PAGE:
Dark bedroom, cool bedroom, gadget-free bedroom. Get rid of anything your bedroom that might distract you from sleep, such as noises, bright lights, an uncomfortable bed, or warm temperatures. You sleep best if the temperature in the room is kept on the cool side. A TV, cell phone, or computer in the bedroom can be a distraction and deprive you of needed sleep. Having a comfortable mattress and pillow can help promote a good night’s sleep. Individuals who have insomnia often watch the clock. Turn the clock’s face out of view so you don’t worry about the time while trying to fall asleep.
Have the right sunlight exposure. Daylight is key to regulating daily sleep patterns. Try to get outside in natural sunlight for at least thirty minutes each day. If possible, wake up with the sun or use very bright lights in the morning. Sleep experts recommend that, if you have problems falling asleep, you should get an hour of exposure to morning sunlight and turn down the lights before bedtime.
Don’t lie in bed awake. If you find yourself still awake after staying in bed for more than twenty minutes or if you are starting to feel anxious or worried, get up and do some relaxing activity until you feel sleepy. The anxiety of not being able to sleep can make it harder to fall asleep.
Last night I went to bed at 2230. I subsequently woke up at 0130—3 hours later. I didn’t feel tired enough to sleep again until 0600. My night was severely disrupted. Why? I asked myself that question and suspect that the culprit might have been the two glasses of Rioja I consumed with my dinner between 1700 and 1900.
When I took stock of the situation in the morning, the only other thing that I thought might have been culpable would have been the blue light of my computer and phone which was not switched off till right before bed.
Knowing what I know now about sleep, I have no one but myself to blame if I continue to consume caffeine and alcohol at times of the day that might cause them to severely disrupt my sleep. For that reason I will be taking an indefinite break from both caffeine and alcohol and seeing whether this restless night repeats itself.
There are a couple of metrics I use to judge the value of a book.
To what degree does it change the way I think or live? (5/5)
How likely am I to gift it to friends? (5/5)
Is it approachable? (5/5)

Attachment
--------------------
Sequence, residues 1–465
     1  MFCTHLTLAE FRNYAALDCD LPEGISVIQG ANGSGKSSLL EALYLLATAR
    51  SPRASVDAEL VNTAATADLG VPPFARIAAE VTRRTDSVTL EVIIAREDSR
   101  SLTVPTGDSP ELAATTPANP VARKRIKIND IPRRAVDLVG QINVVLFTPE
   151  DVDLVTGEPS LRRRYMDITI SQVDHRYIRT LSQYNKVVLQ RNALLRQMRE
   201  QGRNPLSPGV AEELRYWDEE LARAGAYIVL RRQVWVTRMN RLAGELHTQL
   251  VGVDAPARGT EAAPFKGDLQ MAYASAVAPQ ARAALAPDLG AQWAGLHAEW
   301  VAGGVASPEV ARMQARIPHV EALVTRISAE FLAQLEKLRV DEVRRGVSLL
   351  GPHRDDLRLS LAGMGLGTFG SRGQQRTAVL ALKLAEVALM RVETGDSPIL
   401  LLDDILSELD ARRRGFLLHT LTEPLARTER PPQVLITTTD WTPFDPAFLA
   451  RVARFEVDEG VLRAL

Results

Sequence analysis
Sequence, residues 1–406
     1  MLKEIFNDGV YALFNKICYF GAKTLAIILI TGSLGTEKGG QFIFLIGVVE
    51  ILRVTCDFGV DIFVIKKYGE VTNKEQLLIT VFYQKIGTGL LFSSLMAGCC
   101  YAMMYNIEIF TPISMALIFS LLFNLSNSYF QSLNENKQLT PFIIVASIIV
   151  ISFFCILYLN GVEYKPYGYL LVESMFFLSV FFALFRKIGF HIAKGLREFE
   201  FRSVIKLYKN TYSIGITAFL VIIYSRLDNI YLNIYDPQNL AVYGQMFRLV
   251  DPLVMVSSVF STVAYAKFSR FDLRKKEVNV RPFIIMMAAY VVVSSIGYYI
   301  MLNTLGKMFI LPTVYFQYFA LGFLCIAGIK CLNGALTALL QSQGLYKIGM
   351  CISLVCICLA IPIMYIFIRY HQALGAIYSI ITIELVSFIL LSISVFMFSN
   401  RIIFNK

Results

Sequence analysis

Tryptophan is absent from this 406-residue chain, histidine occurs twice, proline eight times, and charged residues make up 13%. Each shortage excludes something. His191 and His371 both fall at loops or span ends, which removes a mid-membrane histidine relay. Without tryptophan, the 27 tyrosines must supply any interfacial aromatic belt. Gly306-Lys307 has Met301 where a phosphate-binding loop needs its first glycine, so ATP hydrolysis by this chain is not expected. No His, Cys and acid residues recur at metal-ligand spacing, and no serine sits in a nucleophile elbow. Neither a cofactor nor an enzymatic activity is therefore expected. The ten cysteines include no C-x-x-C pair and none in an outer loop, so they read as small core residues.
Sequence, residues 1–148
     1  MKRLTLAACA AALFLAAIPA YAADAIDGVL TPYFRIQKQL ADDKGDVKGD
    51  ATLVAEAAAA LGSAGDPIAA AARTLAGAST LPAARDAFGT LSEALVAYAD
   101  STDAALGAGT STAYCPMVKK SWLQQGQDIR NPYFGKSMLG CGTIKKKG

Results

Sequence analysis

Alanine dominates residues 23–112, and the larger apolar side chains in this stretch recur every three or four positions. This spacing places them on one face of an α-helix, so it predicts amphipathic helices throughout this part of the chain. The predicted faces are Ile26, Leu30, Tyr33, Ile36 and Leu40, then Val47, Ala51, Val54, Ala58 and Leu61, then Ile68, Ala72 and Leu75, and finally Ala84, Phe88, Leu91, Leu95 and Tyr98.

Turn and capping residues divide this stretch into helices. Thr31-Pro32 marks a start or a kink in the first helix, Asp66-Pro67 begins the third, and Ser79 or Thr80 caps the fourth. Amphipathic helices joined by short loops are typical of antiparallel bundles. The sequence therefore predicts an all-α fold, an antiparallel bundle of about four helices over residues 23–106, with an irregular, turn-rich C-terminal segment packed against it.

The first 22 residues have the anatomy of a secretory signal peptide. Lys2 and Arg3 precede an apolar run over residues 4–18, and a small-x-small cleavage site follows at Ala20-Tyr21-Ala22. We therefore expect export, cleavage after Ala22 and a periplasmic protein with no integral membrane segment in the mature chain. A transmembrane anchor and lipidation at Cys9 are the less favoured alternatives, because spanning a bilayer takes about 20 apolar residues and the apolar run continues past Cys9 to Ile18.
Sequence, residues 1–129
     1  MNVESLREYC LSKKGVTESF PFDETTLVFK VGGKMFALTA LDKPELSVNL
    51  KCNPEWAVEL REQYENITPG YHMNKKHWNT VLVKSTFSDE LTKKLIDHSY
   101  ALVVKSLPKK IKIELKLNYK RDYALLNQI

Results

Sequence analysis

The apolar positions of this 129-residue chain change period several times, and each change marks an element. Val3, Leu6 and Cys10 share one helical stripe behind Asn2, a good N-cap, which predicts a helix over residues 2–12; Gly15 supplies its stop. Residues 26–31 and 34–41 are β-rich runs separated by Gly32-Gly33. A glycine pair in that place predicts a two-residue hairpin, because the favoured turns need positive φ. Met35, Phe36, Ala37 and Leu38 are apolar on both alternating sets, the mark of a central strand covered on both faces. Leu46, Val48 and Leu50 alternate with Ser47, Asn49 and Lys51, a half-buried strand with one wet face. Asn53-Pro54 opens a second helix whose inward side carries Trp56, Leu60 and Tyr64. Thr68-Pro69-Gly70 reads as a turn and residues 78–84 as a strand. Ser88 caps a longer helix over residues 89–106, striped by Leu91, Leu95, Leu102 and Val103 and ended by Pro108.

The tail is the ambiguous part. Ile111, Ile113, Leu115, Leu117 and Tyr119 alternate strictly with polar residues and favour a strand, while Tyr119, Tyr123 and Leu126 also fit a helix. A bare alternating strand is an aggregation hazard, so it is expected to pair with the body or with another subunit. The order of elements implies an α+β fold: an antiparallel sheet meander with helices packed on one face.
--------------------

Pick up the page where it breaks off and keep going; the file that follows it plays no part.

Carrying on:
Based on those questions I have scored this book with marks out of 5 and taken an average as the final score of its value.
For Why We Sleep, I value it as a 5/5 book.
My Thoughts on the Book
Before reading this book I knew sleep was important but I couldn’t really tell you why. After reading this book, I feel like I can — or I at least have a place where I can direct you to to find some of those reasons for yourself.
This book has helped to shift the way I prioritise my days and nights. Sleep has become a key priority on my agenda. I am actively taking steps to improve my own sleep and to practice better sleep hygiene over the long term in order to reap the benefits of this incredible activity. Some of those steps are drastic, such as avoiding alcohol (because of its effects on learning) and avoiding melatonin suppressing short-wave light after sunset; or minor, like ensuring I’m keeping a consistent sleep and wake schedule each day — even on weekends.
One of the important things I got from this book is that sleep is not an inactive process through which we simply pass away a third of our lives. Although I may be unconscious whilst it’s going on, there is a lot of work being done by my brain and body to repair the “breakdown / damage” done by being awake. But it’s not all about repair, it’s also about optimisation.
What stuck with me was the relationship between sleep and learning. Quality sleep has an enhancing effect on learning whereas deficient sleep has a reductive effect.
Matthew Walker tells of a pianist who, after struggling for a long time to nail a tricky part in a piano piece he was practising, went to sleep and then after waking found that he could just play the part he was initially struggling with. Our brain goes to work solving all kinds of problems when we are asleep. The things we learn are solidified and hardcoded into memory when we are asleep. Sleep benefits us in myriad ways and we rob and only do ourselves harm when we allow so little time for it.
How much sleep do you need? It varies, but as a rule of thumb you should give yourself a 7-9 hour sleep opportunity each night.
There were some parts of the book that were more interesting to me than others, and naturally I read those more carefully than the rest. But I don’t feel there was any filler material. The 340 pages were entirely worth the read even though some parts may be of more interest than others. Based on that, I wholeheartedly recommend it.
Productivity during the week is easy. The weekends though are different. Most of us take the weekends easier than we do the weekdays. During the weekday, our schedule is somewhat dominated by our jobs so in effect our productivity is already determined within existing guidelines. On the weekends however, if we need / want to be productive we need a different set of productivity hacks.